If I happened to be in Washington, D.C., I could walk into the Treasury Building (which is still there, by the way), present my paper dollar, and get a silver dollar for it. Good deal, eh? 

Still, not many of us actually did that. We simply believed, as we do today, that the piece of paper itself was worth a dollar. We just spent them. Or we put them in a bank and wrote paper checks against them for large purchases or for monthly bills. 

No Credit

Old BankAmericard “welcome sign.” Photo by Infrogmation of New Orleans licensed under CC BY-SA 4.0.

We did not use credit cards. There were a few credit cards or “charge plates,” issued by stores or gasoline companies for favored customers. But the general purpose credit card did not make its way into our lives until the launch of BankAmericard (later called Visa) in 1958. For most purchases, we used cash—crumpled up dollar bills or fives (but seldom a ten or a twenty, because then you would be talking about Real Money); and silver dollars, half dollars, quarters; dimes, nickels, and copper or steel pennies.

This worked well at your Mom and Pop grocery store down the block. You bought a quart of milk for twenty-four cents and handed Pop a dollar. He punched a key on his cash register and the lap drawer flew open with a bang. He placed the dollar in the drawer, fished out a half dollar, a quarter, and a penny, and added them back up as he handed it to you: “… And one is twenty-five, fifty, one dollar. Thank you, call again.”

Flying Gizmos Like Skates

But big stores, like J.C. Penney, preferred not to have cash registers on the sales floors. They needed to record their transactions. So, say you bought a little flimsy scarf at Penney’s—something that cost twenty-four cents—and you gave the saleslady a dollar, then the routine went like this: She wrote down the transaction on a sales slip. She put the sales slip and your dollar inside a little skate-like gizmo; and she stuck the little gizmo to a circulating-cable rail system inside an elongated cage strung across the store’s ceiling; and it zoomed upstairs to the bookkeeping office on the mezzanine. There, Unseen Hands opened the little gizmo—a cash carrier—took your dollar out, and put back in a half-dollar, a quarter, and a penny, along with the sales slip marked “PAID.” The Unseen Hands then sent the cash carrier shooting back through its cage. The sales lady opened it, handed you the receipt, and counted back the change: “… And one is twenty-five, fifty, one dollar. Thank you, call again.”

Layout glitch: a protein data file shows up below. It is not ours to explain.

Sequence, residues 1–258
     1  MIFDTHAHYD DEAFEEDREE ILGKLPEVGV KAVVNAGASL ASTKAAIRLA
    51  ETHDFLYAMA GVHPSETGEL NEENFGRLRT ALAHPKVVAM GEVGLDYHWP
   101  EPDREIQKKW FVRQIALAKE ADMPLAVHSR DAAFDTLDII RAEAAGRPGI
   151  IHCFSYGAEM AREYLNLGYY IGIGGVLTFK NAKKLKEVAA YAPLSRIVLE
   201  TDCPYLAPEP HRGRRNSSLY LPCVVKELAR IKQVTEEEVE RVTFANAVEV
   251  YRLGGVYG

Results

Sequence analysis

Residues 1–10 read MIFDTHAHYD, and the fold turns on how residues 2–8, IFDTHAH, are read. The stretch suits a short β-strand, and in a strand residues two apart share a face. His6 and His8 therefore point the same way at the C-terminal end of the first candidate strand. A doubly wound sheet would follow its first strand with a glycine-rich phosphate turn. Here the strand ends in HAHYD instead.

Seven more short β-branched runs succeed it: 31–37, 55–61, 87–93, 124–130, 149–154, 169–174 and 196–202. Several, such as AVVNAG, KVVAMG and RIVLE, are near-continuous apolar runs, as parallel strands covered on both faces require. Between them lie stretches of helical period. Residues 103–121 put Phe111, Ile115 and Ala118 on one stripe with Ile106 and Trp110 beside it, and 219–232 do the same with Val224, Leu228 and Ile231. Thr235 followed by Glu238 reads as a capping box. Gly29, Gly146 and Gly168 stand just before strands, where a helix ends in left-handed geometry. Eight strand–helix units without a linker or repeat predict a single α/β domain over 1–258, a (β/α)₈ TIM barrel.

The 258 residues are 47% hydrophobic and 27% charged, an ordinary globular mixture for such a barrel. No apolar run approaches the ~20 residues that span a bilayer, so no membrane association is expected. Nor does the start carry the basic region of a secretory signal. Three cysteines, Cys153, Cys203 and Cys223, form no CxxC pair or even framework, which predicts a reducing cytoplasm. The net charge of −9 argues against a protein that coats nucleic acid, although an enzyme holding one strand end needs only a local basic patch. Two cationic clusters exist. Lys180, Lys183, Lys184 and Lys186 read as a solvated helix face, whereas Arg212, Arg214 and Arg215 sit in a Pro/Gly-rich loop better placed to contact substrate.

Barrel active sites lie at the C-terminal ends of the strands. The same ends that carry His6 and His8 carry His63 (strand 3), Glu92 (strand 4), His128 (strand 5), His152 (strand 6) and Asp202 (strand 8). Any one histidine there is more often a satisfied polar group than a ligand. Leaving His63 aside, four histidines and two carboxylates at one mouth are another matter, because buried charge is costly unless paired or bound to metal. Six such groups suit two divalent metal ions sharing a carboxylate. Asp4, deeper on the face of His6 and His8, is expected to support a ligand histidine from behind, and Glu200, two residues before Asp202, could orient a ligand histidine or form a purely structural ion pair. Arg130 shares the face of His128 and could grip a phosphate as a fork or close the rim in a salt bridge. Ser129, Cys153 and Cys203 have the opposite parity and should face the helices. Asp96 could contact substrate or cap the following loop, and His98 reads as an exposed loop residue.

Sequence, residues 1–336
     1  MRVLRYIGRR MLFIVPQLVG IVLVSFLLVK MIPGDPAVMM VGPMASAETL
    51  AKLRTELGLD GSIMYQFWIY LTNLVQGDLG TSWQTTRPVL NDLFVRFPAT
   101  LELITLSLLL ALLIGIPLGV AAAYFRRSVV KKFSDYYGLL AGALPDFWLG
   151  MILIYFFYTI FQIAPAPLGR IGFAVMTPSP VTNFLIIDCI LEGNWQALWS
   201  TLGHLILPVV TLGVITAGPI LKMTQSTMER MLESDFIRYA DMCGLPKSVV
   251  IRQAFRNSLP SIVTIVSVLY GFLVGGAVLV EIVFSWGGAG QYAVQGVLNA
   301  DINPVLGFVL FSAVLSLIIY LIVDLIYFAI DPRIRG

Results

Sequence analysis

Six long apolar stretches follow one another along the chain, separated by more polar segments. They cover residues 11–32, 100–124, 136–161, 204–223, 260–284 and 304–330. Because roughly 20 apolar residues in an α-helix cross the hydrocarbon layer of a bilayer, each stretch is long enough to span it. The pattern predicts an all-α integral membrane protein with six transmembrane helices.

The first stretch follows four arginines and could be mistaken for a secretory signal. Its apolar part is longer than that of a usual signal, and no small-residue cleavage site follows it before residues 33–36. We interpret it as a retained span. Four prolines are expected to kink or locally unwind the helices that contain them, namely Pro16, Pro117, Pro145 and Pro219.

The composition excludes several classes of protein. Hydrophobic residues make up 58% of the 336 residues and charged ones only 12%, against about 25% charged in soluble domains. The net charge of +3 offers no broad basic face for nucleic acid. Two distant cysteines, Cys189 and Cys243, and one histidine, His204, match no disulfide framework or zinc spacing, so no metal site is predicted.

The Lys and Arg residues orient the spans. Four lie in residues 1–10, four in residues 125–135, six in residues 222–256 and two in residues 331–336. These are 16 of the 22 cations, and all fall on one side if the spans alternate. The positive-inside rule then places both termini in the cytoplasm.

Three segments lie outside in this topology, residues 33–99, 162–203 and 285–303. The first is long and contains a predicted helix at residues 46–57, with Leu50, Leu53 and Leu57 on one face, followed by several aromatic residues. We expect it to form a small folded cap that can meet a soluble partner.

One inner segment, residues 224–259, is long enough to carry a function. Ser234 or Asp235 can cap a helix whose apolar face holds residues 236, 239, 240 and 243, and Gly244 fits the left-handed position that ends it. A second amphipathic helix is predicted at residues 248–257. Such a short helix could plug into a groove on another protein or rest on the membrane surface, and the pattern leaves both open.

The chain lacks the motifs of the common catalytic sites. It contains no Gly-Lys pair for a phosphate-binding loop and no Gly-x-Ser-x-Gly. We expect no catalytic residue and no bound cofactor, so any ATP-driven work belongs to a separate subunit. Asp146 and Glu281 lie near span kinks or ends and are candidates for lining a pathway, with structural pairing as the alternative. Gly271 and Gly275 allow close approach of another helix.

The best thing about this process, to a small boy, was simply watching the cash carriers ricochet along the ceiling. And the stellar thing about that was how they turned right angles with no loss in velocity, just a tantalizing thunk!

If you’ve never had the pleasure, do yourself a favor and watch this little video: https://www.youtube.com/watch?v=w75jOy-r5rg. Be patient, Gentle Reader; the demonstration starts at 00:54. This demonstration video was shot at Joyner’s, a general store in Moose Jaw, Saskatchewan, in 1994, when the store closed its doors. They ran the cash carrier system just once more, for old times’ sake. But in the heyday of our all-cash economy, this same system was used, hundreds of times a day, in many stores all over the country. It became obsolete when credit cards and electronic registers were invented. 

The careening little cash pods, with their abrupt changes from one plane to another, defied all normal laws of physics, in precisely the same way extraterrestrial spacecraft are thought to do. 

Or, as in our first example, kids on sleds at the bottom of the snake path. 

. . . and I only am escaped alone to tell thee.” 

Blessings,

Larry F. Sommers, Your New Favorite Writer